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Read more articles in: Blog, Family, Family Law, Stuart Daniel

Marriage vs civil partnership debate – what is best for you?

Deciding whether to enter a marriage or a civil partnership can be a tricky decision to make, due to the legalities that surround both circumstances.

In England and Wales, both same-sex and opposite-sex couples can either get married or enter a civil partnership so there are options for anyone who wishes to formalise their relationship legally.

There are advantages to both relationship statuses, and there are very few legal differences between the circumstances, but it is important you understand both so you can decide which is best for you and your partner.

Marriage

A marriage can be conducted through a civil ceremony or a religious ceremony and applies to both same-sex and opposite-sex couples.

However, same-sex marrying couples can only take part in a religious ceremony if a religious organisation has agreed to solemnise marriages of same-sex couples.

The legal aspect of a marriage is the signing of a marriage certificate.

Same-sex couples have been able to marry since 2014, bringing with the change the same rights and duties as a lawfully married opposite-sex couple.

If you are married, you cannot call yourself a civil partner whilst your marriage must end in divorce if you wish to separate.

Civil partnerships

Same-sex couples have been able to enter a civil partnership since 2005, when the laws were changed to protect and recognise them.

Opposite-sex couples have only been able to enter this agreement since 2019, as they were restricted to marry until then.

You can, however, marry if you are already in a civil partnership.

ONS have found that the number of same-sex civil partnerships has decreased since the introduction of same-sex marriages in 2014, meaning a marriage might be deemed more legally beneficial by couples.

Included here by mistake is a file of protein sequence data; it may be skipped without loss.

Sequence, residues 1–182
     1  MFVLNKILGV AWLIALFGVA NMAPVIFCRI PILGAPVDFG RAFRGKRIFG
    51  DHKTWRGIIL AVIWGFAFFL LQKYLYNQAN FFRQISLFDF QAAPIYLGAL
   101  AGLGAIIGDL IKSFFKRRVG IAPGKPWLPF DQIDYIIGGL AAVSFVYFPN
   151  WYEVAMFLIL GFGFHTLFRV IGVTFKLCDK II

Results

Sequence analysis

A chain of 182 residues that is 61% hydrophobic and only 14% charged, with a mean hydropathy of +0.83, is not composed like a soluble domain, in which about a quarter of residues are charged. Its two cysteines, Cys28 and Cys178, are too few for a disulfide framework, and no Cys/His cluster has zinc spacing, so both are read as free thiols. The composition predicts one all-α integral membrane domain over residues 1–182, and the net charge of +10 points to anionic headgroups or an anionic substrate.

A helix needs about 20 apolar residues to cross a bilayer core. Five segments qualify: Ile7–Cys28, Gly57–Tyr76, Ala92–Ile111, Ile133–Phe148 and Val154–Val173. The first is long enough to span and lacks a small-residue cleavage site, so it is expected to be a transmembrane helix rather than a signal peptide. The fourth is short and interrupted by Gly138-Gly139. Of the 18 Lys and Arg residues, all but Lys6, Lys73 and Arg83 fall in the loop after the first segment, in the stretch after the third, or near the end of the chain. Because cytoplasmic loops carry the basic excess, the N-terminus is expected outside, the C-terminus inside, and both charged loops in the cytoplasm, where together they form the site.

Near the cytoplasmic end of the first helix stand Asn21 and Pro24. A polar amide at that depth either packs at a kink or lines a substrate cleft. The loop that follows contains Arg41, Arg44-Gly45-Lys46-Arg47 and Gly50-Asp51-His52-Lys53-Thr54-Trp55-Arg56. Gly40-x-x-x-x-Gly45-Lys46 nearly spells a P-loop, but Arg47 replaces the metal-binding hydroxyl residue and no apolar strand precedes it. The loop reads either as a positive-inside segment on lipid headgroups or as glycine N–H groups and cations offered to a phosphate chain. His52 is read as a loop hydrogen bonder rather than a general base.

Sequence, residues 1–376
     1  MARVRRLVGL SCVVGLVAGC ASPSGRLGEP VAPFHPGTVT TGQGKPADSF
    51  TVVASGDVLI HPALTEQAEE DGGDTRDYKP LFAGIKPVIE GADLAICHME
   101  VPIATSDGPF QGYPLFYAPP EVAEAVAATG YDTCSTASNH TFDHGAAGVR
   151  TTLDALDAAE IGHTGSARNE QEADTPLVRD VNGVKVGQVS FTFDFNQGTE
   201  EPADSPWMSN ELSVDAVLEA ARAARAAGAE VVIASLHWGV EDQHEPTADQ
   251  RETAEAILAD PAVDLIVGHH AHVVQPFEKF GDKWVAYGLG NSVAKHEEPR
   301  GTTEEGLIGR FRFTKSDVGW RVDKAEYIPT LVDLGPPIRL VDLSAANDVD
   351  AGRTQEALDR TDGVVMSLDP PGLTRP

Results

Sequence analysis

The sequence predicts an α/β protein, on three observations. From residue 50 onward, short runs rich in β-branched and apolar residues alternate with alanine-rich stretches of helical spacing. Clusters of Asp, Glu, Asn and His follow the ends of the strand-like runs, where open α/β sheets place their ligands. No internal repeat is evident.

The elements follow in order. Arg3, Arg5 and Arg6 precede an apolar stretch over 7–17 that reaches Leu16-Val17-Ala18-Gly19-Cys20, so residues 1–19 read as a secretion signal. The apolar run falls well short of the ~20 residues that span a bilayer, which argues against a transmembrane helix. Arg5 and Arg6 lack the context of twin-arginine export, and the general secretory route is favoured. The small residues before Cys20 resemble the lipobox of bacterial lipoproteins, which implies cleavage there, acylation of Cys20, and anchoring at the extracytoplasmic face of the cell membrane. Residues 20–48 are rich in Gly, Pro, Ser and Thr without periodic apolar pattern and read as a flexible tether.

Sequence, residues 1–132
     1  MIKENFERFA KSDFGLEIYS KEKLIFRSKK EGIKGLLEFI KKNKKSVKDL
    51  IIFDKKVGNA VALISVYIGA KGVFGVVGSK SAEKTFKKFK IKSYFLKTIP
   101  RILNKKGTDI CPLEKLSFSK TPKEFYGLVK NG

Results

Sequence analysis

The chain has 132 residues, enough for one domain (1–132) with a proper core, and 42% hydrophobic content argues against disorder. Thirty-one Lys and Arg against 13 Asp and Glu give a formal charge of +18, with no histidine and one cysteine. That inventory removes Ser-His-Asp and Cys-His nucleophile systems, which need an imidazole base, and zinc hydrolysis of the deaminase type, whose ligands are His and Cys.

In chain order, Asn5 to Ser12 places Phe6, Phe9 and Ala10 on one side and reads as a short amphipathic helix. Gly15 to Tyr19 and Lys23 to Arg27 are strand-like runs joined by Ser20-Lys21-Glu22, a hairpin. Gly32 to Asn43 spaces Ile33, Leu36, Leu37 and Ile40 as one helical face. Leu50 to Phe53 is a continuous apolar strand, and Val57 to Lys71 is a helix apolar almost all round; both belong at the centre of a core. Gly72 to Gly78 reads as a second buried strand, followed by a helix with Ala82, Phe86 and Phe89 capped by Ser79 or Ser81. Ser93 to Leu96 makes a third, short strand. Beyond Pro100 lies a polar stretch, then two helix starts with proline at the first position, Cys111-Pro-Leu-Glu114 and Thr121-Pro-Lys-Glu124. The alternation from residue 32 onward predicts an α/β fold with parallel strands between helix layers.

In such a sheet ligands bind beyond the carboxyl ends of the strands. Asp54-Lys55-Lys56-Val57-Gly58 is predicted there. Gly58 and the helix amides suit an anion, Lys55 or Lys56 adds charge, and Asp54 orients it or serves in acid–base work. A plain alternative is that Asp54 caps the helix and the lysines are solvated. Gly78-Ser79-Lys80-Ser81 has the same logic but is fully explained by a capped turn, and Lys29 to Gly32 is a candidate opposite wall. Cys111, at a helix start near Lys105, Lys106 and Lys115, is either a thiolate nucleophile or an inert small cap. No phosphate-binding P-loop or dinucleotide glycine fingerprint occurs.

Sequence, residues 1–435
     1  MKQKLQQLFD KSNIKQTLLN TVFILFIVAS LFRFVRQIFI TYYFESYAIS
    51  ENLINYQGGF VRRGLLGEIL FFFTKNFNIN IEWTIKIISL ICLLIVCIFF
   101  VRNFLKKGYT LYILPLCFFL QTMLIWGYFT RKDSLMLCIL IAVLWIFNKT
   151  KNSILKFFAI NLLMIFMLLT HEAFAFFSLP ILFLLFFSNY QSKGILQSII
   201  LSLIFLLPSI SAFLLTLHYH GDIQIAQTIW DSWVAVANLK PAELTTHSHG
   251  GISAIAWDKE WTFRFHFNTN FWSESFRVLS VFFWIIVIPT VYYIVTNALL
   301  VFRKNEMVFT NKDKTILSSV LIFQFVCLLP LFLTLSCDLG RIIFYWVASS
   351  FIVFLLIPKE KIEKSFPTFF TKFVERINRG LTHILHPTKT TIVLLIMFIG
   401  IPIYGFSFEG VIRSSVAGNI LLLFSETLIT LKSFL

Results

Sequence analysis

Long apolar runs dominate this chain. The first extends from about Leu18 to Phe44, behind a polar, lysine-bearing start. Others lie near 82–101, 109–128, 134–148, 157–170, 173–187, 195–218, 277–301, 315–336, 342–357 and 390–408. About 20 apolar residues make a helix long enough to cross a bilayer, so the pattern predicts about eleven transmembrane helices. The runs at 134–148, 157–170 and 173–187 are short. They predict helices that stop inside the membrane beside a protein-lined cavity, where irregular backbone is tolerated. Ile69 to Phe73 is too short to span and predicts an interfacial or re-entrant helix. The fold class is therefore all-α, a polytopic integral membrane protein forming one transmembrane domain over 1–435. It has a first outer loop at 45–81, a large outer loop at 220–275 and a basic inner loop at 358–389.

There are now only 1,000 per year in the UK whilst same-sex marriages

Civil partners are entitled to the same rights and duties as a married couple, regardless of sex.

Your civil partnership can only be dissolved, and you also need to make sure your partnership is recognised in the country you wish to move to if you plan to move abroad.

What are the legalities?

There are a few main similarities between a marriage and a civil partnership, which include:

  • Married and civil couples are covered by the current income and Inheritance Tax rules. Income Tax Marriage Allowance is also available to civil partners
  • If someone in a married or civil partnership dies and does not make a Will before they do or has an invalid Will, the ‘rules of intestacy’ still apply in terms of the deceased’s estate
  • Partners within a civil partnership are entitled to protection if their relationship breaks down – despite not being married, they can still make financial claims for children, housing and more
  • The Adoption and Children Act applies to both civil partners and married couples who are either opposite-sex or same-sex
  • For pensions, civil partners largely have the same pension rights as those who are married – this is dependent on whether the pension is occupational, private, or state

If marriage or a civil partnership is not for you, you might wish to continue or begin cohabiting.

However, cohabiting couples are not protected by the same rights as those who are married or in a civil partnership, even if:

  • They have been together for a long time
  • They have children
  • They jointly own property or businesses

Our services help cohabiting couples to handle these legal challenges, offering them support and guidance as they navigate their way through the complexities this agreement can bring.

No matter whether a marriage, civil partnership or cohabitation agreement is best for you, it is important to know what to choose so that you benefit as much as possible from your decision.

If you would like to know more about whether a marriage or civil partnership is right for your couple, please get in touch with our experts today.

Stuart Daniel

Head of Family Department

I qualified as a Solicitor in 2006 and now specialise in divorce, financial settlements, childcare arrangements and Pre Nuptial Agreements. I have many years’ experience as a private family lawyer having worked with two other local firms before returning to Mander Hadley, where I first undertook work experience during my university studies.